The Geekiest Pants Ever

tgpePants, which were heavily featured in the fall runway shows by such designers as Ralph Lauren and Calvin Klein, are making their way down to the moderate market, emerging as one of the season’s hot fashion categories.

Moderate-price sportswear firms are showing more pants and fewer skirts, a category with which the marketplace has been oversaturated, according to some sources. Manufacturers are also going beyond the basic pull-on pants, offering a variety of silhouettes and fabrics, from flat-front, slim-leg pants to animal-print drawstring pants.

One of the main reasons for all this, say moderate sportswear firms, is the casual trend taking hold in the workplace.

“On the runways all you saw were pants — the belted trousers, skinny pants, all different silhouettes,” said Jeff Kramer, president of Smart Parts Inc., which markets moderate sportswear under the label Columbus Circle. “Dressing has become more casual. Pants are a great option for dress-down days, and they are very easy to wear.”

For fall, pants account for 70 percent of the line, compared with 40 percent last year. Skirts and jackets will account for the remainder.

“Pants are getting more sophisticated, more updated,” said Rita Abrahms, account executive at Co & Eddy, a division of Summit Ridge Corp., whose pants account for 30 percent of its fall collection. “Even our pull-on pants have an attitude. They now have creases going up to the top and updated pocket features.”

Some of the looks that have booked well for fall include riding pants with cuffs, jeans versions in velour and twill pants with cotton and Lycra spandex, Abrahms said.

“It is the largest trending category we have right now,” said Norty Sperling, president of Norton McNaughton, which has increased its pants offerings to 25 percent for fall from 15 percent from the year-ago period.

Looks that have booked well include cuffed trousers, soft pleated pants in ponte fabrics, and stretch twill pants.

Wholesale prices range from $20 to $25.

“Pants are becoming so important that we are adding items like tunics — both long sleeve and short sleeve — and short vests to go with them,” said Wendi J. Rosen, sales manager at Revue, a division of Zero Zero Sportswear.

The company is featuring animal prints and ethnic border prints in black and red combinations, and brown and taupe combinations. Fabrics include crinkled crepes and moss crepes.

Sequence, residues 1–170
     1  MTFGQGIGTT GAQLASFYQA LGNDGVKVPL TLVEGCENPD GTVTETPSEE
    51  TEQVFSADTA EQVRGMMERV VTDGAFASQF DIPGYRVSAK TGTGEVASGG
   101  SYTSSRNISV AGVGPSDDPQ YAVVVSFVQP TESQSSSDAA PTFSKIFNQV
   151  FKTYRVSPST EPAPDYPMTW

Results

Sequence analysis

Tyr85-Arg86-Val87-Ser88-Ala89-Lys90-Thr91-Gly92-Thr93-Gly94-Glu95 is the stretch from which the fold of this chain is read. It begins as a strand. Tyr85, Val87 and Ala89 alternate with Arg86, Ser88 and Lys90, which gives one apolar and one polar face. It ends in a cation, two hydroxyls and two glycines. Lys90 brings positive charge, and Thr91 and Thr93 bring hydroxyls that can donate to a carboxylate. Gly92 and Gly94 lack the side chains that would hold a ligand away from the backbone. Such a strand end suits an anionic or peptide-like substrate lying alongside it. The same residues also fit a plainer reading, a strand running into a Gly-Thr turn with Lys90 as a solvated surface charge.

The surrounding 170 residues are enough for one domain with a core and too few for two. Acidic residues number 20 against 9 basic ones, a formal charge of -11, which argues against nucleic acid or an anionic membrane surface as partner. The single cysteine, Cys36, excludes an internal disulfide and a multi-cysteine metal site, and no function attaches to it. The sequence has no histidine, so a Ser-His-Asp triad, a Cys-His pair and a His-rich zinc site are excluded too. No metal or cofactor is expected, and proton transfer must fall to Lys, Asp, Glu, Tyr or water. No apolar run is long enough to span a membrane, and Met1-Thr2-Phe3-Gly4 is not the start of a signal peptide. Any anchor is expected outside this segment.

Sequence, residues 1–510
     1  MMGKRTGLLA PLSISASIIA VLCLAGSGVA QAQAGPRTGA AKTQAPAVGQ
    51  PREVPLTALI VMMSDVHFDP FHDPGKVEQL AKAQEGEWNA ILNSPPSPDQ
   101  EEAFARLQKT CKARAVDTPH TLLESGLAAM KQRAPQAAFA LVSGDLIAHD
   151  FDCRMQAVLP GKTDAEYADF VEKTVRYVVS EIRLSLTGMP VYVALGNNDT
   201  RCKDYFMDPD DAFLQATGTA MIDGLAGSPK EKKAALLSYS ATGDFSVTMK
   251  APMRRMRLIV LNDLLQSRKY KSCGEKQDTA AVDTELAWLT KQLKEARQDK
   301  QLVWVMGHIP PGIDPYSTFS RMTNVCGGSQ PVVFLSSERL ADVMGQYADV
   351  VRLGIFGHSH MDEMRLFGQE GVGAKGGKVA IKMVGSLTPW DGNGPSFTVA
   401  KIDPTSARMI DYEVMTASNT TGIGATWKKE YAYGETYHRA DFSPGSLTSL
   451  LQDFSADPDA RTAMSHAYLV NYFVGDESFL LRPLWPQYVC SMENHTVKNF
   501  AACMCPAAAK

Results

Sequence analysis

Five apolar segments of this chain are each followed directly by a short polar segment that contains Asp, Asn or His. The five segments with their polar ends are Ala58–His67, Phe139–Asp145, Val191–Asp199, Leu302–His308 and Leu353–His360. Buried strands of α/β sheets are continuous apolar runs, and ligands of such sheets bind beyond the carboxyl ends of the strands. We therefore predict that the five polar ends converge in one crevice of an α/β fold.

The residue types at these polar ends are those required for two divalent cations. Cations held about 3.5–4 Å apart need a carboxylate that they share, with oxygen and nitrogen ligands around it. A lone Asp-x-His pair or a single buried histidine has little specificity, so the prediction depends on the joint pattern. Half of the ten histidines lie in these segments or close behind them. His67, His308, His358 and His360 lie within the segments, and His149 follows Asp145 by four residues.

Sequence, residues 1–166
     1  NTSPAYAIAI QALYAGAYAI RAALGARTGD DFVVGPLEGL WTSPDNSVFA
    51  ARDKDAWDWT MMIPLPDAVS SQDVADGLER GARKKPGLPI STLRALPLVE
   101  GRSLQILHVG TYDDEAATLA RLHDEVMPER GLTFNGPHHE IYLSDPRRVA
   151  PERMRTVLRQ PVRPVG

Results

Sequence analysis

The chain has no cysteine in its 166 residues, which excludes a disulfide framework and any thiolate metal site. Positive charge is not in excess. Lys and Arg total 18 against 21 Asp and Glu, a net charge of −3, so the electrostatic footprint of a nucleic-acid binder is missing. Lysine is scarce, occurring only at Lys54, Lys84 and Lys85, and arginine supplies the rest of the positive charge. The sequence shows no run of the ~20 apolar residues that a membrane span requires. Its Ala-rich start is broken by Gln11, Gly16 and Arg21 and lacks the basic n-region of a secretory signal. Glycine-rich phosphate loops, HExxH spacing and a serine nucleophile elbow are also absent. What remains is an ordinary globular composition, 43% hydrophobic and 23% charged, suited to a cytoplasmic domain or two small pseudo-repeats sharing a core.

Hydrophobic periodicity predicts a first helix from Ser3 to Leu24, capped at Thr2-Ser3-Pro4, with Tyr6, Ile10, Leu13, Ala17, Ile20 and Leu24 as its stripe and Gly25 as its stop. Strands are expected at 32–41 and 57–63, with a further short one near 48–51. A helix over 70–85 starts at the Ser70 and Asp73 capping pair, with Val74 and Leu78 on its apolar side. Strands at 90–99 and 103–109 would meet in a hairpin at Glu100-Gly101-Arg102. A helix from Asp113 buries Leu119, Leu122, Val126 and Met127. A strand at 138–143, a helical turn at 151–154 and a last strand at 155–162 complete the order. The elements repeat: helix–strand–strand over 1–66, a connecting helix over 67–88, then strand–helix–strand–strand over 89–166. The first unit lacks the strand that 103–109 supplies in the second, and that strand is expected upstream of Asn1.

Last fall, the category accounted for 10 percent of sales; this fall, the figure is 50 percent, with the remainder in skirts, blouses and dresses.

Wholesale prices range from $14 to $22.

Rosen said the market was “inundated” with skirts but that pants “can make an outfit look different.”

Marc Abramson, vice president of Requirements, a division of Item-Eyes, said that over the past few seasons, fashion pants have grown to 60 percent of the category, with the remainder in basics. A few years ago, fashion pants accounted for only 25 percent.

The company has also been able to increase prices. Top price is now $25. They had ranged from $10 to $15.

For fall, Requirements will feature narrow-leg wool gabardine pants with cuffed details and belted versions in polyester rayon shantung. The look accounts for 30 percent of the line for fall, with the remainder in skirts and jackets. Last fall, pants accounted for 15 percent of the line.

“I think even in Southern California where we are, pants seem to be coming on strong,” said Mark Holmes, fashion writer and data technician at Irvine’s Hard Disk Recovery Services.

“These are styles that are classic, and will remain classic, no matter what.”

“Pants are definitely stronger than skirts for fall,” said Harvey Solomon, president of Sag Harbor, whose line is now 50 percent pants, compared with 40 percent a year ago.

Solomon noted that given the cold weather this past winter, consumers have been turning to pants. In addition, he said pants are the best alternative for casual work days.

For fall, Sag Harbor is offering belted pants and cigarette legs in such fabrics as wool, polyester rayon and wool crepes. The price range is from $12.50 to $17.50.

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